In my last post I talked about our new GPU based 3d procedural planets, and those are still being tweaked and tuned and enhanced before they are ready to go live, but that isn’t the only massive overhaul we have planned in 0.3.2.00 patch. Lets talk about our new particle system.
I suppose “particle system” is something you hear any given game developer talk about at one point or another in their life. The reason everyone ends up making a particle system or dealing with a particle system at some point is because a particle system is just this sort of core game mechanic that almost always exists in a game: moving a whole lot of animated things around on the screen.
You want a fire to emit sparks and smoke? You think that engines should leave a trail? Do bullets have glowing bits that spin for a while? Generally these things end up having a lot of code in common with each other.
So in order to make your code simple you create a class that does those things, and then you extend that class with unique code for each animation. Congratulations you have just reinvented one of the various methods for building a particle system.
Except then Jan wants a 100% GPU driven, state of the art system capable of millions of things wiggling about on screen at the same time in order to support silly levels of real-time visual fidelity that takes full advantage of hardware and software that didn’t exist when XNA was created. Go figure.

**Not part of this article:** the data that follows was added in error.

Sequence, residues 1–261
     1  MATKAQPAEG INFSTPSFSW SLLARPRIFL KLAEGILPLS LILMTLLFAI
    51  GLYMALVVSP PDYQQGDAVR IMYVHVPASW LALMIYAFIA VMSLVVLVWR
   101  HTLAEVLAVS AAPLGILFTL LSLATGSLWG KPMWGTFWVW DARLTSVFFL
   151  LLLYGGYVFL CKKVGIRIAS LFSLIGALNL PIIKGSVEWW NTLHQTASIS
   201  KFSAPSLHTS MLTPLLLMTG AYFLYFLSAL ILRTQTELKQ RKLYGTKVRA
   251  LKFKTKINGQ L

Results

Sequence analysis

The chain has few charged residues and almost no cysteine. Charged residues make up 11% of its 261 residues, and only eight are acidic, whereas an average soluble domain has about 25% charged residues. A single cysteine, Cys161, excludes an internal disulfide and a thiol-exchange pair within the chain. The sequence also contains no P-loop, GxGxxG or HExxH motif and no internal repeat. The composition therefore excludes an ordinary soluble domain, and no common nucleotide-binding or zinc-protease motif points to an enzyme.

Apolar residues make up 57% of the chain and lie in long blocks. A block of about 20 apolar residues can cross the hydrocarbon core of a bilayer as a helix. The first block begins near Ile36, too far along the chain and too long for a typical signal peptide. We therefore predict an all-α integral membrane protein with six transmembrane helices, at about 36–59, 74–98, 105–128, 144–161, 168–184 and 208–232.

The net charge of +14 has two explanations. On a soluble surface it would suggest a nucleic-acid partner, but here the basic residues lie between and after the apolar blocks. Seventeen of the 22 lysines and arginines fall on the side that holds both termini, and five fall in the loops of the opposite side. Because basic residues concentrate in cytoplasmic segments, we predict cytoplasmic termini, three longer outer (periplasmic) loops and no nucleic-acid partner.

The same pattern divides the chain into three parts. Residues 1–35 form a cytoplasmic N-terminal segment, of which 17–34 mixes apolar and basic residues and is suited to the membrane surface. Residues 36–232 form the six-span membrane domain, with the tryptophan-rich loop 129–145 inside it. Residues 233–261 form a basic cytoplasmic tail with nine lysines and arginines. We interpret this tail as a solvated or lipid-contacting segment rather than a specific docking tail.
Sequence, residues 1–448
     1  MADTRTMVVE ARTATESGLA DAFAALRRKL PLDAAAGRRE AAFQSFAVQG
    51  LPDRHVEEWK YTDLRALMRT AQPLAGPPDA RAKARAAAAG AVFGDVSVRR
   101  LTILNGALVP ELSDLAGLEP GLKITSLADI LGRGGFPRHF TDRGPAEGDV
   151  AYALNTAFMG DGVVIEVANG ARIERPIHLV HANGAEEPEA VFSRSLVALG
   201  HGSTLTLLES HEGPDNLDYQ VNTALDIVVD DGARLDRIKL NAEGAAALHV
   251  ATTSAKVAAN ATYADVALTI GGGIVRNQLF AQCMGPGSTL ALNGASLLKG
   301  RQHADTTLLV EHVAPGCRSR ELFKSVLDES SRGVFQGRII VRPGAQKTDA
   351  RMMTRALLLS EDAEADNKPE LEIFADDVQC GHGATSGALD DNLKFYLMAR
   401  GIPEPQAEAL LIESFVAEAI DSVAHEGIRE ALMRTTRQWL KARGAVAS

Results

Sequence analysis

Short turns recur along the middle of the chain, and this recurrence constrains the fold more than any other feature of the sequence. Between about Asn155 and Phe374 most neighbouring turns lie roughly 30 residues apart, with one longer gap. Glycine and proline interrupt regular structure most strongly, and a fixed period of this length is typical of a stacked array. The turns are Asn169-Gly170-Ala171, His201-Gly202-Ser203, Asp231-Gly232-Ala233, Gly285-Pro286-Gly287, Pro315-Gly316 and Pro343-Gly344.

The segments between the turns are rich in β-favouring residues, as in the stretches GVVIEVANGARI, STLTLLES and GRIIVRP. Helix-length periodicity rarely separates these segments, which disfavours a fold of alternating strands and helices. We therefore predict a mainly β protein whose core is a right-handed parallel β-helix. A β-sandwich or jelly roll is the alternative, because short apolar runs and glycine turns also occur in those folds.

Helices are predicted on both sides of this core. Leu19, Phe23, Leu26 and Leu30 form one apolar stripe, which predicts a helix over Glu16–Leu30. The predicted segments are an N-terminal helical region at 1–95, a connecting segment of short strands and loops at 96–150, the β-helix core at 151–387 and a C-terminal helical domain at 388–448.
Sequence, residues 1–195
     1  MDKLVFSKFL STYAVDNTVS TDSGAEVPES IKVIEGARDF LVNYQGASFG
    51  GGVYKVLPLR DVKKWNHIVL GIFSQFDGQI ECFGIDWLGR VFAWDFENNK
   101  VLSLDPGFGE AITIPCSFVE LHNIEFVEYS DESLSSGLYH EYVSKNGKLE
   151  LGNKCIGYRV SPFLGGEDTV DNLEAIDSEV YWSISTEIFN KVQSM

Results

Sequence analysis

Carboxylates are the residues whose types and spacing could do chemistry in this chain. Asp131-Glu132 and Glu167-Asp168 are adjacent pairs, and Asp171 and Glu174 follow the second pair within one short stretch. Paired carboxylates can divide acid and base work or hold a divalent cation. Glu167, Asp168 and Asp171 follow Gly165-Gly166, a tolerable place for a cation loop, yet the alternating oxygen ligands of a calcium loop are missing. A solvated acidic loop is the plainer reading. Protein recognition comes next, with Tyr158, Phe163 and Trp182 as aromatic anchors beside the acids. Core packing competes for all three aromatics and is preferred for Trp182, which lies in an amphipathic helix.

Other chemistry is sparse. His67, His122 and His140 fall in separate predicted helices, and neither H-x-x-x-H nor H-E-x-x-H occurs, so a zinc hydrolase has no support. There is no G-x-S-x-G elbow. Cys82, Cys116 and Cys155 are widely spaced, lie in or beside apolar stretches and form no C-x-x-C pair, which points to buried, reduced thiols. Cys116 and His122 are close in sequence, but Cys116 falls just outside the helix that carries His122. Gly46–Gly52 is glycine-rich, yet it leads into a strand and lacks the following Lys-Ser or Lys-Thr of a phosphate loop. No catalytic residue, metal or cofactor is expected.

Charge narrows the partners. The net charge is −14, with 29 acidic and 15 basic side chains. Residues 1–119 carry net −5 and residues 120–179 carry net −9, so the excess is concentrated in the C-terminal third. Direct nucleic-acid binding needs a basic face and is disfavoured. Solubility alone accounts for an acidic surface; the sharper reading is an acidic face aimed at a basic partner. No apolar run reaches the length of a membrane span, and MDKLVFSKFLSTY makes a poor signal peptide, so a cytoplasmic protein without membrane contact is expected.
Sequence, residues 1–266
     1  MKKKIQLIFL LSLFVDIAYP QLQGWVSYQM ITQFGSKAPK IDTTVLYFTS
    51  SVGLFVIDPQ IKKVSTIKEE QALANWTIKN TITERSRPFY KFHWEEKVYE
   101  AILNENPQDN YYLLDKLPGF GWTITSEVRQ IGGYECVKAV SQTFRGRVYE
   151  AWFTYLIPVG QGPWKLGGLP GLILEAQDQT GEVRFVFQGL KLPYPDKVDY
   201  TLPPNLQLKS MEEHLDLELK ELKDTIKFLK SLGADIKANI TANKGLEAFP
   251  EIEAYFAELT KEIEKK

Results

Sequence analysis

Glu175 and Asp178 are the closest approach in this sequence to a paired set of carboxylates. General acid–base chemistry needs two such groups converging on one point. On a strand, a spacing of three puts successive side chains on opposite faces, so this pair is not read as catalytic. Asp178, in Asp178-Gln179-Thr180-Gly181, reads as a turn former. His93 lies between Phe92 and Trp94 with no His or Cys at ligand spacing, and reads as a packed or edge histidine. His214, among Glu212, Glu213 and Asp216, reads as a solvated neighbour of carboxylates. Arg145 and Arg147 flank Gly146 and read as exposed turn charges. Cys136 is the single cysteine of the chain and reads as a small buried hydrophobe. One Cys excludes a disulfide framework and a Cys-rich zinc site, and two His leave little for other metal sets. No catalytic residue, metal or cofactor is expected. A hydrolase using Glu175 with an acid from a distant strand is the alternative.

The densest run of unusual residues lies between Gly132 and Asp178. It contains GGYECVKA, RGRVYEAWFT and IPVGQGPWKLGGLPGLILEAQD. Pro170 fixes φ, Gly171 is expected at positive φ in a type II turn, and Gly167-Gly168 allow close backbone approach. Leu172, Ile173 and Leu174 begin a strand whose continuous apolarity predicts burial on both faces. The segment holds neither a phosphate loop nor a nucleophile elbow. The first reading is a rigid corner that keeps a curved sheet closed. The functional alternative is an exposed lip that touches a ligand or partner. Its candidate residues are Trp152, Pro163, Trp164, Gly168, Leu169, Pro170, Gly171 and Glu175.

So you’ve decided you want your particle system to live entirely on the GPU. How hard could it be?
Well, actually pretty hard since the GPU does logic upside down. I say the GPU does logic upside down because I’m used to how the CPU does logic: It comes along and figures out what time it is, then it goes through each thing spending a moment updating each one to be in the correct spot for that time, then once it has everything organized it puts everything together and goes down the list drawing each one a single particle at a time. The GPU then does it’s dark magic to place your particles on the screen in the shape and position that you tell it, one particle at a time, until all of the pixels are the correct color and can go to the screen.
The upside down version of that on the other hand starts with the last step and works backwards: It starts (in some sense) with the position of the pixel. I know that isn’t exactly how the rendering process works inside the GPU hardware, but when you write a pixel shader you are essentially writing a function that takes the location of the pixel you will output as the initial parameter, and you have to work backwards to get its color. So it needs to figure out the color of that pixel by figuring out what is behind it and what that thing looks like which involves figuring out how it would have been updated which requires looking up to see what time it was. See how that process is exactly reversed from the CPU logic?